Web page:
There are few Maine experiences as memorable as taking the ferry from Portland’s Old Port district through the sparkling waters of Casco Bay to peaceful Great Diamond Island. While the island is just a short boat trip away, it feels like a remote island retreat. The rooms and suites are enormous and filled with natural light. The salty air wakes you up and reminds you to appreciate the joy of nature.

Inn at Diamond Cove

9.0 Excellent (270 reviews)

"Immaculately Revived"


Originally opened in 1927 as the Eastland Park Hotel, the Westin Portland Harborview Hotel has since been immaculately revived. It’s right around the corner from the State Theatre, a funky renovated theatre where hip local bands mix with touring indie artists.

Every guest room features a view of downtown, the harbor, or Casco Bay. Relax with a massage or facial at the Artné Spa before you head to the timelessly chic Top of the East rooftop restaurant with panoramic views. This penthouse bar is a portal into the past where women wore cocktail dresses and men jackets and ties.

The Westin Portland Harborview

Top rated
8.5 Excellent (2208 reviews)

Home to New England Sensibilities


This hotel is named after Francis Fassett, who designed the building as a home for Mellen E. Bolster in 1881. Born in Bath, Maine in 1823, Fassett was a leading architect for Maine in Portland and is credited with helping rebuild much of the city after the Great Fire of 1866. His influence continues on all over Portland by the designs of his most successful protégé and eventual partner, John Calvin Stevens. Creepily enough, in 1925, the Hay and Peabody Funeral Home purchased the Mellen E. Bolster House and opened their first funeral home on Portland’s peninsula.

But, in 2016, the property was bought with a hotel in mind. The Francis is a brick-front, 15-room hotel. The rooms are spacious and feature the elements one expects in a Victorian house, including private decks, reading nooks, and Victorian fireplaces. The neighborhood around The Francis has some true New England sensibilities — steadfastness and common sense. The row of houses where The Francis sits is more residential than many hotels, and its simple sign calls no attention to itself as any different from the rest of the buildings. It’s a luxurious way to find out what it feels like to live in Portland.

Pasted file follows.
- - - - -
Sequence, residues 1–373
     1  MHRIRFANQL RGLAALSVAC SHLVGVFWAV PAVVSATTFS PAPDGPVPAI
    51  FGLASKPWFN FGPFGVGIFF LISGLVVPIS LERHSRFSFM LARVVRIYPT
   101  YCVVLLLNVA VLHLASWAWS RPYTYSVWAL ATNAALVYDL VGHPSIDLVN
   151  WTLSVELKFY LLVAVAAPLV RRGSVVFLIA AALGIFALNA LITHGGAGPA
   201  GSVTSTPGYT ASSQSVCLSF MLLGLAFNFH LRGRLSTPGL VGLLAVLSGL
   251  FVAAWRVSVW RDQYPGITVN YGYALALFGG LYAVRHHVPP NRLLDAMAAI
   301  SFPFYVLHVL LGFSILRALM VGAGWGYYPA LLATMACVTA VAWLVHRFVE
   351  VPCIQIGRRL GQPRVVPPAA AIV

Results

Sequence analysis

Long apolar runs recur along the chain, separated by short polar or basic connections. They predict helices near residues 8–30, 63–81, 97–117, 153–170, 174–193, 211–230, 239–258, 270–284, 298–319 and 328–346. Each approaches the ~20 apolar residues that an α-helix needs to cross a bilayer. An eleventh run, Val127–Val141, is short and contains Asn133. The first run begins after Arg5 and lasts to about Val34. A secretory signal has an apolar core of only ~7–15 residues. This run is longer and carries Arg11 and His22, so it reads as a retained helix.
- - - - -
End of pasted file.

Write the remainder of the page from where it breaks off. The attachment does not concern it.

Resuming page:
The Francis Hotel

9.4 Excellent (463 reviews)

A Hotel with Many Lives


From a prohibition safehouse to Episcopal roots, from a boarding school to a bank, The Danforth has seen more than a handful of interesting characters since its 1823 construction. The first owner, Joseph Holt Ingraham, used his wife’s inheritance from a distant uncle to build this magnificent Federal-style mansion built on Danforth Street with the inheritance. The neighborhood was home to many wealthy merchants and The Danforth fits right in with the other mansions and stately homes in the area.

The mansion rooms are upscale and unique with built-in fireplaces. Waking up in Portland’s West End means going for long walks to brunch and a ferry ride to Peaks Island or a visit to a lobster boat with The Lucky Catch where you can learn all about the world of lobstering.

Blind Tiger Portland - Danforth Street

9.6 Excellent (251 reviews)

Right on the Waterfront


This hotel was built smack dab in the middle of the Old Port, right up the street from the waterfront. The rooms are nautically themed and luxurious. The service is accommodating with staff eagerly pointing out recommendations of their favorite things to do in Portland, like getting a snack at The Gelato Fiasco — specifically their creamy dark chocolate gelato.